by Steven F. Railsback and Volker Grimm
Volker Grimm is a researcher in the Department of Ecological Modeling, Center for Environmental Research Leipzig-Halle, Germany, a group which has developed and applied individual-based models to a wide variety of systems and problems. Dr. Grimm has published several highly influential reviews of the use of IBMs in ecology, and many papers based on his own studies that use IBMs.
Steve Railsback is a consulting environmental researcher and adjunct professor with the Environmental Modeling Program at Humboldt State University, and formerly was on the research staff of Oak Ridge National Laboratory’s Environmental Sciences Division. Dr. Railsback has published on conceptual and theoretical foundations for individual-based ecology, application of fish IBMs to applied and theoretical problems, and software for IBMs.
Publisher: Princeton University Press.
Now on sale from Princeton and other booksellers.
A complete description of the book, example sections, supporting materials, etc. are available from its web site.
by Volker Grimm and Steven F. Railsback
Publisher: Princeton University Press (Princeton Series in Theoretical and Computational Biology).
On sale from Princeton and other booksellers.
Individual-based models are an exciting and widely used new tool for ecology. These models provide ecologists with an effective way to explore the mechanisms through which population and ecosystem ecology arises from how individuals interact with each other and their environment. This book is the first major reference on individual-based modeling and its use to develop theoretical understanding of how ecological systems work, an approach the authors call “individual-based ecology”.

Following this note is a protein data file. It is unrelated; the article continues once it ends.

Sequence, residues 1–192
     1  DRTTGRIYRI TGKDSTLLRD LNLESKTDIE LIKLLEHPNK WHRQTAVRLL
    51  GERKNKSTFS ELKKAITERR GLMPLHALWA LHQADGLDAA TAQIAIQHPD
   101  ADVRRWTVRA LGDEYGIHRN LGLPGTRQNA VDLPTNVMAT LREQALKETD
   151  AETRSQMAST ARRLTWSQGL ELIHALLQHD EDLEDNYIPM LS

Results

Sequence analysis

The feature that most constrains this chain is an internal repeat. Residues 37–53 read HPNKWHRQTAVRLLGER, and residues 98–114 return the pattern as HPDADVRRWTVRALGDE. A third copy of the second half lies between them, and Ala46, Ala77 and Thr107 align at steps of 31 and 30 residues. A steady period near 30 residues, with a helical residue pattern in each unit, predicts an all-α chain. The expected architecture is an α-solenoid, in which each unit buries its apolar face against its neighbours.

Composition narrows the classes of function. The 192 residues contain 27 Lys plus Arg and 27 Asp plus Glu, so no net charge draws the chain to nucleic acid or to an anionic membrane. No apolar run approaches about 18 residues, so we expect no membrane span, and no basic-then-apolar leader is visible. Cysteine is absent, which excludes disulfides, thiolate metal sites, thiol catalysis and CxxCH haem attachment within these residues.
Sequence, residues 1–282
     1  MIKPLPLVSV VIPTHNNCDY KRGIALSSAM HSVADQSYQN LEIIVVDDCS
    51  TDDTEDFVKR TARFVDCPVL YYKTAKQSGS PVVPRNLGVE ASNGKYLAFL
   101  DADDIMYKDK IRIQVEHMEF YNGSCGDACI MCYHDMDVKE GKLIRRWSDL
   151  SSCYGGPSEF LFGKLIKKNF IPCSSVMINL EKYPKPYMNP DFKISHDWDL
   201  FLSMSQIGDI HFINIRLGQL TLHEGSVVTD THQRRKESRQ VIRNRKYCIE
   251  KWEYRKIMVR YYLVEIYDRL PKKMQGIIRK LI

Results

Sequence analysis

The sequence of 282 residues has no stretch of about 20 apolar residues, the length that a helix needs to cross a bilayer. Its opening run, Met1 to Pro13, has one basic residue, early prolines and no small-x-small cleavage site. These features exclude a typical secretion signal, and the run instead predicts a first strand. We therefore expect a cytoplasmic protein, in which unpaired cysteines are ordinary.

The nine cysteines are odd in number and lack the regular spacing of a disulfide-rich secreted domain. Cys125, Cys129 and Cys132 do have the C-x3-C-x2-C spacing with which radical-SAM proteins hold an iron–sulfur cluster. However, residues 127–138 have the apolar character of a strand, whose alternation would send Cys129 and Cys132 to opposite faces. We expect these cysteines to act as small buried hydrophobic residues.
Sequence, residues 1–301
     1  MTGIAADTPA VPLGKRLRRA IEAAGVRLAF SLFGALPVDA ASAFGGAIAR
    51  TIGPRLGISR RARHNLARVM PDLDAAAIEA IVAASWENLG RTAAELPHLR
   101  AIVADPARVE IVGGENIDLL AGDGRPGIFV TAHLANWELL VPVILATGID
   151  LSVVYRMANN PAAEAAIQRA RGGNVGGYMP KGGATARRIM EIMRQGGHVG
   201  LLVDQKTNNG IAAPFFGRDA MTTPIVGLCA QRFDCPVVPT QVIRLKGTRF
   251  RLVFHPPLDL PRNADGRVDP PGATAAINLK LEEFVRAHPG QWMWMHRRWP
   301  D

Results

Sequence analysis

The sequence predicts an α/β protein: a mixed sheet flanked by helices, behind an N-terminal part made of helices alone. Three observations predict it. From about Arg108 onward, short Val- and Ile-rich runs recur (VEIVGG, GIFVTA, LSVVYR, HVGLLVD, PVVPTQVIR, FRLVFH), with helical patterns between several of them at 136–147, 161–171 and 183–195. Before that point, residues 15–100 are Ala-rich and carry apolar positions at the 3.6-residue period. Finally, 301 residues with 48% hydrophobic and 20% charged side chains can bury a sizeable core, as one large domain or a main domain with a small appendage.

The book first provides a general primer on modeling: how to design models that are as simple as possible while still allowing us to address the problems we need to study, and how to move efficiently through a cycle of model design, implementation, and analysis.
Next, the general problems of theory and conceptual framework for individual-based ecology are addressed: What is “theory”—how do we develop general, re-usable models of how system dynamics arise from characteristics of individuals? What conceptual framework do we use when the classical framework of differential calculus no longer applies? A review of over 30 studies illustrates the wide variety of ecological problems that have already been addressed with individual-based models.
The authors then identify the many ways in which the mechanics of building and using individual-based models differ from those of traditional science and provide extensive guidance on formulating, programming, and analyzing models. This book should be very helpful to any ecologist interested in modeling, and to any scientist interested in agent-based modeling.
Additional information, including reviews and the Table of Contents, is available from the book's web page at Princeton University Press.